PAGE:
US agency approves 'five-day-after' contraceptive pill

Aug 14, 2010

A US regulatory agency on Friday approved an emergency contraceptive pill that can prevent pregnancy if taken up to five days after unprotected sex.

The Food and Administration said it granted approval for the drug, called ella, after two phase III clinical trials that "provided compelling data on efficacy and sufficient information on safety."

The drug, manufactured by French firm HRA Pharma, successfully "prevents pregnancy when taken orally within 120 hours (five days) after a failure or unprotected intercourse," the FDA said in a statement.

"It is not intended for routine use as a contraceptive," the agency added.

The drug works by inhibiting or delaying ovulation, and has side effects similar to other emergency contraceptives already on the market, such as Plan B, which prevents if taken within 72 hours after intercourse.

The drug's approval followed a positive recommendation by an FDA advisory committee on June 17.

The drug has been available in Europe since May 2009, under the name ellaOne, and will be distributed into the United States by New Jersey-based Watson Pharma Inc.

Explore further: FDA approves second vaccine against meningitis strain

add to favorites email to friend print save as pdf

Related Stories

FDA panel to consider new 'morning-after pill'

Jun 08, 2010

A Food and Drug Administration advisory committee will meet June 17 to consider whether the agency should approve a new emergency contraceptive that studies show is more effective than Plan B, the only "morning-after pill" ...

'Morning After Pill' Works up to 5 Days After Sex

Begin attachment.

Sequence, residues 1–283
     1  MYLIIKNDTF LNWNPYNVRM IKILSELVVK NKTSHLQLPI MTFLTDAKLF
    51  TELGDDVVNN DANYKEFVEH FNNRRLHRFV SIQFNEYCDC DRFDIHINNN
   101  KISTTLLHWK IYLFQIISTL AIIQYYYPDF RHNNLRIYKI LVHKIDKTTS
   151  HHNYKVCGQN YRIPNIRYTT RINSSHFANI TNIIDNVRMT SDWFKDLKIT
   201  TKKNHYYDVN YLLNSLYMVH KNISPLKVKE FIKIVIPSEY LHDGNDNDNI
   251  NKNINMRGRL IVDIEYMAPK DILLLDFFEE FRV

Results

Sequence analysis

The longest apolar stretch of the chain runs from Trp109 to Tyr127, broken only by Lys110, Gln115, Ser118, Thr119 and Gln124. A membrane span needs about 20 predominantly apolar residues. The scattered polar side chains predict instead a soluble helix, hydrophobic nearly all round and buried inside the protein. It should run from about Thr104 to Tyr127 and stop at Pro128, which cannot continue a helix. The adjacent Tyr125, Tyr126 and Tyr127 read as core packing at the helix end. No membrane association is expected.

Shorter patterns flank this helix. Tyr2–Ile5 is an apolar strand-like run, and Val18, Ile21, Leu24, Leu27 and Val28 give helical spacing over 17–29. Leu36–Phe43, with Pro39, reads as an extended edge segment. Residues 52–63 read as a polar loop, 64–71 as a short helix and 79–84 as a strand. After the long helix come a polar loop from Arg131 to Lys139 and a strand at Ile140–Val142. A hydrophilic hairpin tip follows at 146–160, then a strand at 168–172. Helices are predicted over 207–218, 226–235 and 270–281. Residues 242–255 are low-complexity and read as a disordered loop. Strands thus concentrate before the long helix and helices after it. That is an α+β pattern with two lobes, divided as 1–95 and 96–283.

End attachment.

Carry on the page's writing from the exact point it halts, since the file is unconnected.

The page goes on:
Feb 22, 2010

(PhysOrg.com) -- A team of researchers from the United States and Europe has published new evidence supporting the use of ulipristal acetate as an effective alternative to levonorgestrel (marketed as Plan B®) for emergency ...

New morning-after pill works for up to 5 days

Jan 29, 2010

(AP) -- A new type of morning-after pill is more effective than the most widely used drug at preventing pregnancies in women who had unprotected sex and also works longer, for up to five days, a new study says.

FDA OKs morning-after pill retail sale

Aug 24, 2006

Over-the-counter sale of Plan B, or the morning-after contraceptive pill was approved by the U.S. Food and Drug Administration Thursday.

New 5-Day 'Morning-After' Pill Tested For U.S. Approval

Jan 22, 2010

(PhysOrg.com) -- Currently, women who seek emergency contraception within 72 hours of intercourse can receive copper intrauterine devices. Though the devices are very effective at preventing pregnancy, they ...

Recommended for you

Medical charity warns India over patent rules

Jan 21, 2015

Doctors without Borders on Wednesday warned the Indian government not to bow to US pressure to amend patent regulations that allow millions access to affordable medicines, ahead of a visit by President Barack Obama.

Why are some generic drugs getting so expensive?

Jan 21, 2015

More than eight out of every 10 prescriptions dispensed in the US is generic. This growth is due to a large number of top-selling drugs going off patent over the past decade, as well as innovations in t ...

Supreme Court sides with Teva in drug dispute

Jan 20, 2015

The Supreme Court on Tuesday sided with Teva Pharmaceutical Industries Ltd. in the company's high-profile patent dispute with rival firms over the top-selling multiple sclerosis drug.

User comments : 0

Please sign in to add a comment. Registration is free, and takes less than a minute. Read more

Click here to reset your password.
Sign in to get notified via email when new comments are made.